At Going West I got to chair Helen Heath, Chris Tse and Anna Jackson (oh like a dream team) for the Wellington and poetry session. I had the anxiety flowing (on linking city and poet again) but forgot all that as I became entranced by their poems and responses. Such generosity in sharing themselves in public – it not only opened up poetry writing but also the complicated knottiness of being human. Might sound corny but there you go. Felt special.

Helen Heath’s new collection Are Friends Eectric? (VUP) was another book that blew me apart with its angles and smoothness and provocations. We conversed earlier this year by email.

A new poetry book by former Poet Laureate Cilla McQueen is always an occasion to celebrate. Otago University Press have released Poeta: Selected and new poems this year. It is a beautiful edition curated with love and shows off the joys of Cilla’s poetry perfectly.

Two anthologies to treasure: because I love short poems Jenny Bornholdt’s gorgeous anthology Short Poems of New Zealand. And Steve Braunias’s The Friday Poem because he showcases an eclectic range of local of poets like no other anthology I know. I will miss him making his picks on Fridays (good news though Ashleigh Young is taking over that role).

 

Highlights from some poets

 

Sam Duckor-Jones

I spent six weeks reading & writing poems with the students of Eketahuna School. They were divided on the merits of James Brown’s Come On Lance. It sparked a number of discussions & became a sort of touchstone. Students shared the poems they’d written & gave feedback: it’s better than Come On Lance, or, it’s not as good as Come On Lance, or, shades of Come On Lance. Then someone would ask to hear Come On Lance again & half the room would cheer & half the room would groan. Thanks James Brown for Come On Lance.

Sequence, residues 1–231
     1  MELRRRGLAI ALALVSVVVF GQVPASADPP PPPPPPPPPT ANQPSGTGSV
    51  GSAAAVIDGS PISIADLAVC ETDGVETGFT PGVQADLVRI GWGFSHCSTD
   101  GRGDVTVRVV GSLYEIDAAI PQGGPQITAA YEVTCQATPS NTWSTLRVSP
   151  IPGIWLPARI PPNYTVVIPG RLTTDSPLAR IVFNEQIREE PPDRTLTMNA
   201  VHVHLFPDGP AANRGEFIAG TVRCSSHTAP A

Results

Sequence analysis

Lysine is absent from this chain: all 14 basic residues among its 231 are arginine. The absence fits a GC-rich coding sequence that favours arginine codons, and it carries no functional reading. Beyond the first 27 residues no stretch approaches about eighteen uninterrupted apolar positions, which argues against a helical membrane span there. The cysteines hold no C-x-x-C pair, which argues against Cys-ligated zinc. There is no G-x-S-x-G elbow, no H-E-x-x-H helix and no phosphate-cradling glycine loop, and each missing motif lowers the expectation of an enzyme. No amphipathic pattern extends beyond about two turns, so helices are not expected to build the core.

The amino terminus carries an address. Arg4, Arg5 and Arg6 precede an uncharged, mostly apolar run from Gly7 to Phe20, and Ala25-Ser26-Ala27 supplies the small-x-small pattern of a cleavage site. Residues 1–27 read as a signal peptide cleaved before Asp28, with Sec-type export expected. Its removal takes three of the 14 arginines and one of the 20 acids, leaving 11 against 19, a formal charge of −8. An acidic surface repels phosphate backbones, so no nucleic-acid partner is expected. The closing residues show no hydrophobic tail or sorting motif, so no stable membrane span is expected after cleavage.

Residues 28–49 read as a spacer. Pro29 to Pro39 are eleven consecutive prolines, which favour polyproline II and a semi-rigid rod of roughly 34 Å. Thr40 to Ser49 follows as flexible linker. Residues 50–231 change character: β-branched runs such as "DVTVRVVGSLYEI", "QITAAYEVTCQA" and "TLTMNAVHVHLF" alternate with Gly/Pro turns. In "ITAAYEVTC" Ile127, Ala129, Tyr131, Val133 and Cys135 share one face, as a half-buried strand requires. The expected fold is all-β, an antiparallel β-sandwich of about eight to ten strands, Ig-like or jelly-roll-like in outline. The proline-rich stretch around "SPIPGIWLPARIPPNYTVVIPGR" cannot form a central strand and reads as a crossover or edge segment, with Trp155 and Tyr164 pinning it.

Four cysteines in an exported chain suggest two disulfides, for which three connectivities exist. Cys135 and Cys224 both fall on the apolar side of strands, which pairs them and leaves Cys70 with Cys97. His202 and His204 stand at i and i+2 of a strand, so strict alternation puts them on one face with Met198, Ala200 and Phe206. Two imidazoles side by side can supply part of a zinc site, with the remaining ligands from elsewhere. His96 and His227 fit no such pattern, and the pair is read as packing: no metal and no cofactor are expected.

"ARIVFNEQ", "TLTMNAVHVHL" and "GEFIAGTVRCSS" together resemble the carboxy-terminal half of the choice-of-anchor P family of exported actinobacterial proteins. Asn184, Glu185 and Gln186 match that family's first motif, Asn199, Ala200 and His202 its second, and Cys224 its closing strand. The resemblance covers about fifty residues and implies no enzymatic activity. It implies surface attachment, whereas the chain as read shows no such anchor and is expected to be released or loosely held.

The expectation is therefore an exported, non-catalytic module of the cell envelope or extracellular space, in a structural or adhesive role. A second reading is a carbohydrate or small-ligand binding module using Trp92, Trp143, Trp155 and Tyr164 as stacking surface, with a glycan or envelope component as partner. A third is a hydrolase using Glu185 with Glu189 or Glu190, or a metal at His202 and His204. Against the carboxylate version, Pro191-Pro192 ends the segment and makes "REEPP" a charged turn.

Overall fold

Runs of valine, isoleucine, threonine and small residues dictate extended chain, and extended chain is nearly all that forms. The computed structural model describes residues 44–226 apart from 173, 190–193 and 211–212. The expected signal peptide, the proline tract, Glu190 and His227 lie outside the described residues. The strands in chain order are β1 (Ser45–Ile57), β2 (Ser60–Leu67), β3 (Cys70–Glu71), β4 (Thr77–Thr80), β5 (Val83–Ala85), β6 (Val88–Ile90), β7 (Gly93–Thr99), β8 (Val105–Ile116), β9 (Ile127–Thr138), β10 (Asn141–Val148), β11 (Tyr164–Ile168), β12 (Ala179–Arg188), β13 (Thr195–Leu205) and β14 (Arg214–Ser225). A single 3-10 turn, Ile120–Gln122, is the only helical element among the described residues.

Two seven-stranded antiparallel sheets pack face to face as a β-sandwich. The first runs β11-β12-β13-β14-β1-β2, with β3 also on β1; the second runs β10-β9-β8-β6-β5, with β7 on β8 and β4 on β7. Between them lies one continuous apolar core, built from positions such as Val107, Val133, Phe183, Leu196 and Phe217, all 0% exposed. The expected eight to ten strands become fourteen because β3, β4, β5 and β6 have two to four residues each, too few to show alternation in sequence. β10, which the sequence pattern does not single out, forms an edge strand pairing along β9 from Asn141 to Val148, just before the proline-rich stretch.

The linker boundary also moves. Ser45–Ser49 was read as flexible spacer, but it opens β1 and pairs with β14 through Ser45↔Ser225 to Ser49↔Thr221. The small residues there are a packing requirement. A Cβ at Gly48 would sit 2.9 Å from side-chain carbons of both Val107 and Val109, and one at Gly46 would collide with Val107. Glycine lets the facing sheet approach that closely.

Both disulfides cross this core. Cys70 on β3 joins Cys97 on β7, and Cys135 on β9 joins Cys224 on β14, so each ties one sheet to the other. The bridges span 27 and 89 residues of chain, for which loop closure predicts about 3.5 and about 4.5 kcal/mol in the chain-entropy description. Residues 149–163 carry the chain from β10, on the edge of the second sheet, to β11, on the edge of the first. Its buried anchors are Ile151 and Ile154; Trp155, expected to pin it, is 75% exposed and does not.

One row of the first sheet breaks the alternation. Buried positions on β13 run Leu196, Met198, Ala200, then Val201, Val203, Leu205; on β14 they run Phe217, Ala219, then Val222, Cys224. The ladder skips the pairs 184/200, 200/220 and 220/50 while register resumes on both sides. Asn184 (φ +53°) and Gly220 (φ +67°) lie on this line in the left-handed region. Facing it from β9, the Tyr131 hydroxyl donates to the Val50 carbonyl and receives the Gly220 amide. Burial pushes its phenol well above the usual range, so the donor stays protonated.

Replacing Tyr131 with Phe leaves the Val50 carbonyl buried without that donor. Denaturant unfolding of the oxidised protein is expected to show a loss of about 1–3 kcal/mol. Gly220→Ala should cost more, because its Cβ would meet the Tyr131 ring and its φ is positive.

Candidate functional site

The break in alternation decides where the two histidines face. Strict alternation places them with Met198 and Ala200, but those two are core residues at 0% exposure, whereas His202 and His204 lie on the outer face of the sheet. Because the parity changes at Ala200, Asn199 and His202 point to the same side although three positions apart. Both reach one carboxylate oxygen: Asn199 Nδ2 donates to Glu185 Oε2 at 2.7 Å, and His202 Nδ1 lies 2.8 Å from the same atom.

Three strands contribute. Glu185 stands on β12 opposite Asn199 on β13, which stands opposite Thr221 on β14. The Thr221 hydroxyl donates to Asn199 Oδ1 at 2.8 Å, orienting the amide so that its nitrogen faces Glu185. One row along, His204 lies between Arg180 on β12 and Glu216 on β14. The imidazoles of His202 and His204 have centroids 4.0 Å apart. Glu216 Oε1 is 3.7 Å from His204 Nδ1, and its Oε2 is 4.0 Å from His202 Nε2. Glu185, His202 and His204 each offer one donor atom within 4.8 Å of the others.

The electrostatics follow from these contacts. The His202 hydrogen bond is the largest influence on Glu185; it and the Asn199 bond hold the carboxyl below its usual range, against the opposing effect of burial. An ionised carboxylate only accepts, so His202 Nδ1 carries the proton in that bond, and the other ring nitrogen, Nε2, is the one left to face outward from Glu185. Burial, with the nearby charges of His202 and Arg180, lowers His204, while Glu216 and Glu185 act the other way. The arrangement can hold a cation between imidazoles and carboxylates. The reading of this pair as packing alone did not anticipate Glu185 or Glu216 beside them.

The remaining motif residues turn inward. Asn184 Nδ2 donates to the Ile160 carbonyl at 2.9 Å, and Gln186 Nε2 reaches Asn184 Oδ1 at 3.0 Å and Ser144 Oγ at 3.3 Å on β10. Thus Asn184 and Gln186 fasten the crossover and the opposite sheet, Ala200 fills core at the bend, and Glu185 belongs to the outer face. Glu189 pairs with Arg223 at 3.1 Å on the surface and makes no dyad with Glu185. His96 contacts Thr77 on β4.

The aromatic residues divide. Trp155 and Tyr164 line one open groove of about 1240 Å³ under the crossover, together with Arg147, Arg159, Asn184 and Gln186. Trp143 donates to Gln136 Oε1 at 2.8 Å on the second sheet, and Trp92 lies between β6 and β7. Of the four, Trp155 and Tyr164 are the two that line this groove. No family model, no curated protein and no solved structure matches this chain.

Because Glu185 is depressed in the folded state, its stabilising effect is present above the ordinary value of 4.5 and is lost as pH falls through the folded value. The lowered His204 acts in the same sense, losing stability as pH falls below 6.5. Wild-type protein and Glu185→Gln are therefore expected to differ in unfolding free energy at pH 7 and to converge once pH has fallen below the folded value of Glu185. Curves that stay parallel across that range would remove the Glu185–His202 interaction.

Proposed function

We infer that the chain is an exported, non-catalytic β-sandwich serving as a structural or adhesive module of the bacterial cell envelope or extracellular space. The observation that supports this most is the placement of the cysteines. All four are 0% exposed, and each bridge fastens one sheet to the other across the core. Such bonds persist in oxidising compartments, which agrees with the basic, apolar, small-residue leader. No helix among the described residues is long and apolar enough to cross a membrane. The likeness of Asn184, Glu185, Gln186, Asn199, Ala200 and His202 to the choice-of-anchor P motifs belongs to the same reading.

Hannah Mettner

My fave poetry thing all year has been the beautiful Heartache Festival that Hana Pera Aoake and Ali Burns put on at the start of the year! Spread over an afternoon and evening, across two Wellington homes, with readings and music and so much care and aroha. I wish all ‘literary festivals’ had such an atmosphere of openness and vulnerability!

 

Jane Arthur

Poetry-related things made up a lot of my highlights this year. I mean, obviously, winning the Sarah Broom Poetry Prize was … pretty up there. I’m still, like, “Me?! Whaaaat!” about it. I discovered two things after the win. First, that it’s possible to oscillate between happy confidence and painful imposter syndrome from one minute to the next. And second, that the constant state of sleep deprivation brought on by having a baby is actually strangely good for writing poetry. It puts me into that semi-dream-brain state that helps me see the extra-weirdness in everything. I wrote almost a whole collection’s worth of poems (VUP, 2020) in the second half of the year, thanks broken sleep!